The DOL Opens the Door to State-Run Retirement Plans

October 11, 2016

With the concern over ERISA pre-emption no longer an issue, the DOL has opened the door for states to consider options when offering retirement plans going forward.

My daughter is about 1½ years old and just now finding all sorts of doors—closet doors, cabinet doors, and doggy doors—that she can open and look for trouble. Well, it seems the Department of Labor's (DOL) new rule will open doors for the state to offer retirement plans.

What exactly are "state-run retirement plans"? Well, the answer might be slightly different depending on the state, but generally, they are auto-enroll IRA programs designed for workers who don't have access to an employer-sponsored retirement plan (e.g., 401(k), SIMPLE IRA, SEP-IRA, etc.).

Although a number of states—California, Connecticut, Illinois, Maryland, New Jersey, Oregon, Massachusetts, and Washington—have already passed legislation that has put the creation of their own state-run retirement plans in motion, what seems to deter other states from pursuing these plans is the potential that the plan would be preempted by the Employee Retirement Income Security Act of 1974 (ERISA). Without a safe harbor to ERISA, a state's plan could trigger fiduciary burdens and other liabilities that courts might apply to the states.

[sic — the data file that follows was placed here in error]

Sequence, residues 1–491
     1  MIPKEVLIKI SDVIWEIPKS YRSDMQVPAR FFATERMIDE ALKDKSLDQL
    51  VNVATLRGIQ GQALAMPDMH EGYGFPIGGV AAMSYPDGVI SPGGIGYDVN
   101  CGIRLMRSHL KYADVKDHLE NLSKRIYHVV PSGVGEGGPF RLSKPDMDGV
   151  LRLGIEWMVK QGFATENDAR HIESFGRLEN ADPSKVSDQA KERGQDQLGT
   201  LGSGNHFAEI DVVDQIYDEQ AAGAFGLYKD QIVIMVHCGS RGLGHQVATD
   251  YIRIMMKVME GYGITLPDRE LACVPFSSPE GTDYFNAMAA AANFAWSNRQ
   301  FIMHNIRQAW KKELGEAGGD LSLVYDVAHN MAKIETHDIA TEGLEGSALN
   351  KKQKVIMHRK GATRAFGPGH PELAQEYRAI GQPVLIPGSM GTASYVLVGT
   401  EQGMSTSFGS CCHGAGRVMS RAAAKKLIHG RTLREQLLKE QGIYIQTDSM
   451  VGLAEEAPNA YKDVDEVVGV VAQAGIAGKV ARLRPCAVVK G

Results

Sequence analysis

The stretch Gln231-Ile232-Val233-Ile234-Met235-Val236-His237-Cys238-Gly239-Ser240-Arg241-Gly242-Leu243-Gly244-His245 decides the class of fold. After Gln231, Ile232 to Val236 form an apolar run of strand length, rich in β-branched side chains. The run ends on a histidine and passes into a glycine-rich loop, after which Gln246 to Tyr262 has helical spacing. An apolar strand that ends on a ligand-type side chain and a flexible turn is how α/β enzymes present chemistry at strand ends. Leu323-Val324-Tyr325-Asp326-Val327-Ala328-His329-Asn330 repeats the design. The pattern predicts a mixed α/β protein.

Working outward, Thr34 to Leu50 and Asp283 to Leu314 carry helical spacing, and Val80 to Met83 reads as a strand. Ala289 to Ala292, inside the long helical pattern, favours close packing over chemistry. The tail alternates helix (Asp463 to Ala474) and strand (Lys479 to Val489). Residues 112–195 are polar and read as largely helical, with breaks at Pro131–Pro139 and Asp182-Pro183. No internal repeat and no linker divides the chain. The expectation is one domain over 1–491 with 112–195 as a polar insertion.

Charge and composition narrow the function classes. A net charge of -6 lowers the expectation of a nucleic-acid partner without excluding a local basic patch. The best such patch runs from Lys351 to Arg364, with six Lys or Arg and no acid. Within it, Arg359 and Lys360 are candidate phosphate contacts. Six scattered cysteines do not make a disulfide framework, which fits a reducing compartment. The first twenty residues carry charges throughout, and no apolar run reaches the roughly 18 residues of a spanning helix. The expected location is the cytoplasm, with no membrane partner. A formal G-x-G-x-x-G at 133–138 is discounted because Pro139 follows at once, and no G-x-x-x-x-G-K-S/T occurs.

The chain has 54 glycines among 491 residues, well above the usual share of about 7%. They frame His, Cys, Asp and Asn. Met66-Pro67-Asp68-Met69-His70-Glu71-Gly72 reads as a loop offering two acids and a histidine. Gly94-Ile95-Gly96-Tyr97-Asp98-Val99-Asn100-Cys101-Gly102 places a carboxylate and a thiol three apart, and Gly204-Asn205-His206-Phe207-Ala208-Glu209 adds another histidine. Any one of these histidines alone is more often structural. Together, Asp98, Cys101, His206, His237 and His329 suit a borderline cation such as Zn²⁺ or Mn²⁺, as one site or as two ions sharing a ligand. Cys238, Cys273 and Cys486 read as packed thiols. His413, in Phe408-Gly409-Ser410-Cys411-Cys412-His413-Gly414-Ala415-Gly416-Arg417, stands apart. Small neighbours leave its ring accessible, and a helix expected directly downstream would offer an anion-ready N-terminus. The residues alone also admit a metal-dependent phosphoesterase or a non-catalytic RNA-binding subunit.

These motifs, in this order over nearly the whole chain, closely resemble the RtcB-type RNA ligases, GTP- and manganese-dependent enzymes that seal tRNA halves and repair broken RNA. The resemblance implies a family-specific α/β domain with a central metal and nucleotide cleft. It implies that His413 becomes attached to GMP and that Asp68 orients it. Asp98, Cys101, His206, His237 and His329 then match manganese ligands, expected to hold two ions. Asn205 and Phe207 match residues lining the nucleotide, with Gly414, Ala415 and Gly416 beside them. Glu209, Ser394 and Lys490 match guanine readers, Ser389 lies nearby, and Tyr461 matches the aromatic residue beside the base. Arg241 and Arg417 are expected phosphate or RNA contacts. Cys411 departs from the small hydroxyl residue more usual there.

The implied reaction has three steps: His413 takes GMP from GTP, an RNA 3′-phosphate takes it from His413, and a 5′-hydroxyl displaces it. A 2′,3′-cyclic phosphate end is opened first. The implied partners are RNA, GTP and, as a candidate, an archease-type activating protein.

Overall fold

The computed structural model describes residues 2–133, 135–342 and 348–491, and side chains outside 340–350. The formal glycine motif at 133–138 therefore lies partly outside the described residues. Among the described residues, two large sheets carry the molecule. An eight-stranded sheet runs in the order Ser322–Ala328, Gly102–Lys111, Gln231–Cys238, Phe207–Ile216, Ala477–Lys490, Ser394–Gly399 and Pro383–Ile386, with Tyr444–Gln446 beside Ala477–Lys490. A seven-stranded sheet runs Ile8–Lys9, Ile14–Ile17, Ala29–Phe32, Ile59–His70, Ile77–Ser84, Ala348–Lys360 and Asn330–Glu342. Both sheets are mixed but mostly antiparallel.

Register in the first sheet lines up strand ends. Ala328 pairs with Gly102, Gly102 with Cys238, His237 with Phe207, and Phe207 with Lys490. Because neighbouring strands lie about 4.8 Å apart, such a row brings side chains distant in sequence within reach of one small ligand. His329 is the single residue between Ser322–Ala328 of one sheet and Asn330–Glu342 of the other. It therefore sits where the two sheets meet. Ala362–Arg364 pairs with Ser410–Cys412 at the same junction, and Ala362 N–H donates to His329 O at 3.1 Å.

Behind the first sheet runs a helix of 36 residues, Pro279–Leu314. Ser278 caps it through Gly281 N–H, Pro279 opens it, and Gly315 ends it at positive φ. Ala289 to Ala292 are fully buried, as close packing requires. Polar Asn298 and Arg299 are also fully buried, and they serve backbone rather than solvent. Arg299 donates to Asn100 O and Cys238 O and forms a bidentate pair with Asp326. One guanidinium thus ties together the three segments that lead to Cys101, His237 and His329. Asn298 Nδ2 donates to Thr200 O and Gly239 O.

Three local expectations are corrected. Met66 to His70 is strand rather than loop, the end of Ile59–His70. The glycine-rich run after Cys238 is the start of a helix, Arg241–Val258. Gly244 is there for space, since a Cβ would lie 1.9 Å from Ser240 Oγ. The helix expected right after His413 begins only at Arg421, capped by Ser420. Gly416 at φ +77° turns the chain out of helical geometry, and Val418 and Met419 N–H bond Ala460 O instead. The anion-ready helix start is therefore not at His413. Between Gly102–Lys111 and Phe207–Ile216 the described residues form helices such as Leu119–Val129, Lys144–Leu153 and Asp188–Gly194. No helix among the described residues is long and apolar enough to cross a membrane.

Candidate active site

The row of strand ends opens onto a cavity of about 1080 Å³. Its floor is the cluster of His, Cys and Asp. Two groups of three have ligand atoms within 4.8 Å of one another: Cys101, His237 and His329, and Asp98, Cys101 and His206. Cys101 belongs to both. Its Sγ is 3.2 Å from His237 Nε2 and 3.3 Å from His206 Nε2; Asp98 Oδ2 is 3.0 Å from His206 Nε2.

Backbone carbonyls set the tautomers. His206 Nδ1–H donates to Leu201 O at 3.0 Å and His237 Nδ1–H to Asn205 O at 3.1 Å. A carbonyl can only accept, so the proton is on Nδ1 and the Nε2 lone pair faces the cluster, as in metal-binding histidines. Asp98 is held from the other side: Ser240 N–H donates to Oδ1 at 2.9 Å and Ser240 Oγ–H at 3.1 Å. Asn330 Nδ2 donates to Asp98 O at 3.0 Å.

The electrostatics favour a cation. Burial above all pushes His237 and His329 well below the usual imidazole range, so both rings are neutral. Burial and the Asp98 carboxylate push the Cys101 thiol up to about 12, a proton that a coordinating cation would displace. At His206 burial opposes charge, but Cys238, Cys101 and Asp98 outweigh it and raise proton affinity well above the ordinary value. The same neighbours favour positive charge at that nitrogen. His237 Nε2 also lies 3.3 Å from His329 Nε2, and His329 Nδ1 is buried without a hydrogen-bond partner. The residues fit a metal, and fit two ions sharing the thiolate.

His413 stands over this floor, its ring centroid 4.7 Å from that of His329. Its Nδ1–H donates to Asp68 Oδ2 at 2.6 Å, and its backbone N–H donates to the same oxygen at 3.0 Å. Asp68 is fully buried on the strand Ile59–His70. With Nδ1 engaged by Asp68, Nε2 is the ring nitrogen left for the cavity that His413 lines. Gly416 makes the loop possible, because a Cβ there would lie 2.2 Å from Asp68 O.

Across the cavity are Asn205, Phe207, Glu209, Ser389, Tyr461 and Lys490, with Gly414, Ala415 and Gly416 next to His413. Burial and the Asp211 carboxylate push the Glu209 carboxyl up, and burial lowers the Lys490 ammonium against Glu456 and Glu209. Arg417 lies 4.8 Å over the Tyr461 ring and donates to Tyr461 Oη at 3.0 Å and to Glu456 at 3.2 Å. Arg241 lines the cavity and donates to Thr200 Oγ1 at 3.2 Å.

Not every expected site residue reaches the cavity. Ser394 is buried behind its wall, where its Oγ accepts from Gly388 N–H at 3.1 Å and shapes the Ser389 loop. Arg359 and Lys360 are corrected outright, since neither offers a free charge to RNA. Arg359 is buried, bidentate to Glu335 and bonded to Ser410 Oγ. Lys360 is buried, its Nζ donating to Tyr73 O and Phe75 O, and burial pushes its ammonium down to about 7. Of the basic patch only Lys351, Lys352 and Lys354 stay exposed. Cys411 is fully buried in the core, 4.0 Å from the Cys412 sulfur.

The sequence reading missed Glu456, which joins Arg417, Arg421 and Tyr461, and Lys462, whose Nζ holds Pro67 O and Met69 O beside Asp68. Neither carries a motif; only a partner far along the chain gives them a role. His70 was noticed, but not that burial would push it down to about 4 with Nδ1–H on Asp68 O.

On August 25, 2016, the DOL finalized guidance that creates a new safe harbor for state-run retirement plans and employers who offer such plans, to be exempt from Title I of ERISA if the following conditions are satisfied.

Program Characteristics
  • Established pursuant to state law
  • Implemented and administered by the state
  • Voluntary for employees
  • Provides employees with advance notice and the right to opt out, if there is an automatic enrollment feature 
State Responsibilities
  • Investing employee savings, or selecting investment options from which employees can choose
  • Ensuring the security of payroll deductions and employee savings
  • Creating and enforcing of employee notice requirements about participant rights under the plan 
Employer Role
  • Employer participation in the program must be required by state law, not voluntary
  • Limited to ministerial activities, such as collecting, remitting, and maintaining records of payroll deductions and providing notice to employees and the state
  • Facilitating employee payroll deductions
  • Employer funds  are not allowed to be contributed
  • So although we, as parents, try to create as many obstacles (e.g., child-proof locks and latches) to stop our children from opening doors we don’t want them to open, the DOL has removed the one "lock" that was inhibiting many states from offering their own state-run retirement plans. With the concern over ERISA pre-emption no longer an issue, the DOL has opened the door for states to consider options when offering retirement plans going forward.

    If you have any additional questions, please feel free to contact Retirement Strategies Group at (800)722-2333, ext. 3939, or e-mail us at



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    Chad is currently an Attorney Consultant for the Corporate Law Department at Pacific Life. Previously, he was a Senior Retirement Strategies Consultant, bringing more than 13 years of industry experience to his role and providing technical insights to our sales team and registered representatives on a variety of issues including IRAs, qualified plans, annuities, and estate planning issues.

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